Iraq 2011

by | Nov 16, 2008


The web-comic Shooting Wars, hit people’s screens in May 2006. It followed a young journalist named Jimmy Burns, who found himself video-blogging across the front lines of Iraq in the year 2011. At the time of its release, only a handful of people were ready to believe US forces would be in the country for much longer. In 2006 sectarian violence was spilling across streets and districts in Iraqi cities. Infighting, both between Iraqis and the coalition forces occurred with depressing regularity. Most notably, a British Brigadier attacked America’s ‘Hollywood’ generals in April, while later in the year, the Iraq Study Group “strongly urged” a large pull back of American troops in Iraq in a private note leaked to the media. The Independent’s Middle East journalist Patrick Cockburn summed up the hopelessness of the conflict at the end of 2006:

The sense of Iraqi identity may have been damaged beyond repair. But, more than most states, Iraq is dominated by its capital and Shia and Sunni will continue to fight to rule Baghdad until they either win or know there is no hope of victory.

View of Basra from a Merlin Helicopter

What a difference two years makes.

The change in Iraq, especially in terms of security has been impressive. Elements of the insurgency still continue to fight in and around Baghdad (in the last day or so a suicide car bomb killed 15 people, including 7 policemen, and wounded 20 in a town north of Baghdad), but there is no denying that in the last six months there has been a real sense of progress.

During that same period the US and UK Governments have separately been negotiating with the Government of Iraq (GOI) on a Status of Forces Agreement (SOFA) regarding the stationing of military forces in Iraq. Getting an agreement was seen as crucial as the United Nations’ mandate authorising the presence of foreign troops in Iraq is due to expire at the end of year. Some US and UK officials have been worried in the last few months that negotiations with the GOI were getting seriously bogged down and an alternative would have to be found – either rolling the UN security mandate into the New Year or returning to CPA Article 17.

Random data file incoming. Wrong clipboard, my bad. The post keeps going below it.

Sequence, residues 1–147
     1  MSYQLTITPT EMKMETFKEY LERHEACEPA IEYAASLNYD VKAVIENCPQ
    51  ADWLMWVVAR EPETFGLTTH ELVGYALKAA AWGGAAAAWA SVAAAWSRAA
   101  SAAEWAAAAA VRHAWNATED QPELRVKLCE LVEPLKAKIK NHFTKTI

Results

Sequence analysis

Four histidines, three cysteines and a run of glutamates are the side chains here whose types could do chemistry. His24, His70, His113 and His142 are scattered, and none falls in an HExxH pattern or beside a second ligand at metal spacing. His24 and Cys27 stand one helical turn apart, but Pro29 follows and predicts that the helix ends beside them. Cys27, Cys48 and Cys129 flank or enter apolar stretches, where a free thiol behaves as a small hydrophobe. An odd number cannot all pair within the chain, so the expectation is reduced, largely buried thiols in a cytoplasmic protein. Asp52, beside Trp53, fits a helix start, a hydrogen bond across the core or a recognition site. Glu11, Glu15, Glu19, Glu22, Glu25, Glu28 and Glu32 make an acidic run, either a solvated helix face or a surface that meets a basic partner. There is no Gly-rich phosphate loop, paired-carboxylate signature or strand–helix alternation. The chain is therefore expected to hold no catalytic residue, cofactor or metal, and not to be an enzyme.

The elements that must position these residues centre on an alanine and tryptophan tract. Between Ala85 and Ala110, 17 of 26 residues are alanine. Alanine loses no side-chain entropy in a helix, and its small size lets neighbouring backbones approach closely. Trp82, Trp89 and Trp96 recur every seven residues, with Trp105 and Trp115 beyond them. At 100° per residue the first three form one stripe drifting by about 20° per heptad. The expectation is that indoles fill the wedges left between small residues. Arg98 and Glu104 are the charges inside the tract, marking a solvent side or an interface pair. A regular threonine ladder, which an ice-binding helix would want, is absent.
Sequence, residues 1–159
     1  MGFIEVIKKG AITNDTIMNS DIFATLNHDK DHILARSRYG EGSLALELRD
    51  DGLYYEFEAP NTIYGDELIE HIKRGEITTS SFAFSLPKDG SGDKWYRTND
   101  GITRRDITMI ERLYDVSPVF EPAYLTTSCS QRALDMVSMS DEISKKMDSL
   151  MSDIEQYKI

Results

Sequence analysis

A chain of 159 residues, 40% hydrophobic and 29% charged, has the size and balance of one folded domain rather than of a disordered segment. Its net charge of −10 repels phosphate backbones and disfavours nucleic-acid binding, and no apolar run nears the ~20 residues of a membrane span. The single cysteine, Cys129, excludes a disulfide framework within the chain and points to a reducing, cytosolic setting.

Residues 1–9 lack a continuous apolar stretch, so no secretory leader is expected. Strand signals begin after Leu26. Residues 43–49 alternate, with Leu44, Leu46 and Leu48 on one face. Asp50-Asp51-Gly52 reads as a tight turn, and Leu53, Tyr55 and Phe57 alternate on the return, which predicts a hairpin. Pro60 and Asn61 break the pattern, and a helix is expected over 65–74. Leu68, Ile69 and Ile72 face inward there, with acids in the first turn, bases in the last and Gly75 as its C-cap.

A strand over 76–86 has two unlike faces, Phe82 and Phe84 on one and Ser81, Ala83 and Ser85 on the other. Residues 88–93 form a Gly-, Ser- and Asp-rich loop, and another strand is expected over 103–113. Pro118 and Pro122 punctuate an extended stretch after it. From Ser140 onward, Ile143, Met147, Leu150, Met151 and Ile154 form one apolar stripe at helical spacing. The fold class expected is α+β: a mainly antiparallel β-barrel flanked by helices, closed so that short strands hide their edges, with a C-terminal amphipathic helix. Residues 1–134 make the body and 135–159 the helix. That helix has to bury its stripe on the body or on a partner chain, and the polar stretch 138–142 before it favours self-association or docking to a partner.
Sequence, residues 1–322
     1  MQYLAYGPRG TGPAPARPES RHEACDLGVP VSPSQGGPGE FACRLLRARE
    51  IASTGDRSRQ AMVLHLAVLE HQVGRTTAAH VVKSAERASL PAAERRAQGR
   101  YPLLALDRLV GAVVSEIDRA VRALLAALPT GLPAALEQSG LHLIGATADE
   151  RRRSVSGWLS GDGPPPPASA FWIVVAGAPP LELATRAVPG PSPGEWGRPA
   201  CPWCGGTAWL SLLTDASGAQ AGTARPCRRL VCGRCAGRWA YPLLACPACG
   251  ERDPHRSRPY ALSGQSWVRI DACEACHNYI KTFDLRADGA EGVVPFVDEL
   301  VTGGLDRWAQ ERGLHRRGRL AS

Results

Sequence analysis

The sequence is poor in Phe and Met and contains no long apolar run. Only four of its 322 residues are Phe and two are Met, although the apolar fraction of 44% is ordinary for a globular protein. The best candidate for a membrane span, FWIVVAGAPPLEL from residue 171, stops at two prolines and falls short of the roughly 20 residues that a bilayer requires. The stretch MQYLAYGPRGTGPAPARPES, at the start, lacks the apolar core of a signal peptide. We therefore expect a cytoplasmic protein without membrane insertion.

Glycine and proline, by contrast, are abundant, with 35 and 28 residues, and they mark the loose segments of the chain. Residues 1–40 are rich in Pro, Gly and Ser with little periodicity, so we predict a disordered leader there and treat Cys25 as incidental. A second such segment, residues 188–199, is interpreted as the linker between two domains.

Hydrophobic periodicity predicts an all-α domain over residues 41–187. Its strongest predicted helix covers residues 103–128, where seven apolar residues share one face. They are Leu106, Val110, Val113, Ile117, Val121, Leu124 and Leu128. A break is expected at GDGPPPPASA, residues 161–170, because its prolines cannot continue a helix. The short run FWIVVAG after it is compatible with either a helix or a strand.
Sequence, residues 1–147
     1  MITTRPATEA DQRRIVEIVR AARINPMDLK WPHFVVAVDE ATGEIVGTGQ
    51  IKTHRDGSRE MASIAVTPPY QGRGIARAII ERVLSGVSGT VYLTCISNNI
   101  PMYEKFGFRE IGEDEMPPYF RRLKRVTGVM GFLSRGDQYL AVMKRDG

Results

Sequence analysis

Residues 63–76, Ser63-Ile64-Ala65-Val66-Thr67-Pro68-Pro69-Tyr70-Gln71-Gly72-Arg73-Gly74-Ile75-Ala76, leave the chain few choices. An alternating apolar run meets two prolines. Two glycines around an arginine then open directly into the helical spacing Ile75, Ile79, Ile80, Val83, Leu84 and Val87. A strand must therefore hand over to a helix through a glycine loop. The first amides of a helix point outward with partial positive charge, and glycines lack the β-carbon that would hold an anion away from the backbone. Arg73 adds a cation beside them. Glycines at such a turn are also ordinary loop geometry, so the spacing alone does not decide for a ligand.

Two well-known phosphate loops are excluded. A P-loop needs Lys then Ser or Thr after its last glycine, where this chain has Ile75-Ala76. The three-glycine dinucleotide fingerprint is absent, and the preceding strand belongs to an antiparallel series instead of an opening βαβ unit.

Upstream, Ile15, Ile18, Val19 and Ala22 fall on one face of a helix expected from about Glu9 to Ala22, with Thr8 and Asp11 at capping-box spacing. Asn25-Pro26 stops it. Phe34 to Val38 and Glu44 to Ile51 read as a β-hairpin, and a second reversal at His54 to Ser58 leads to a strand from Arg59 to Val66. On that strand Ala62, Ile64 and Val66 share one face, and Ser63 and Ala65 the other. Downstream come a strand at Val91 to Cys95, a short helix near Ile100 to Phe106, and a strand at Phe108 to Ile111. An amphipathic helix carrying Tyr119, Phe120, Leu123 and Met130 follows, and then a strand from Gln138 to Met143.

Then today (Sunday), after a one and a half hour meeting, the Iraqi Cabinet passed the pact. It still has to be ratified by the Iraqi Parliament but US officials will no doubt heave a sigh of relief.Such relief will no doubt be shared by the British in Basra who have been negotiating their own agreement with the Iraqis. I wonder if we won’t see an Iraqi-British pact in the next two weeks or so.

Author

  • Avatar

    Charlie Edwards is Director of National Security and Resilience Studies at the Royal United Services Institute. Prior to RUSI he was a Research Leader at the RAND Corporation focusing on Defence and Security where he conducted research and analysis on a broad range of subject areas including: the evaluation and implementation of counter-violent extremism programmes in Europe and Africa, UK cyber strategy, European emergency management, and the role of the internet in the process of radicalisation. He has undertaken fieldwork in Iraq, Somalia, and the wider Horn of Africa region.


More from Global Dashboard

Our COVID Future: The Long Crisis Scenarios

Our COVID Future: The Long Crisis Scenarios

Created in partnership with: COVID-19 marks a turning point in the 21st century.​ Levels of uncertainty are off the chart, making predictions impossible. ​But if we can create plausible stories about different futures, we create a...

Protecting our Critical Global Infrastructure

Protecting our Critical Global Infrastructure

Earlier this week, we published Shooting the Rapids – COVID-19 and the Long Crisis of Globalisation. In the final section, we present a plan for collective action at the global level with four elements:  Firefight better – getting the emergency response...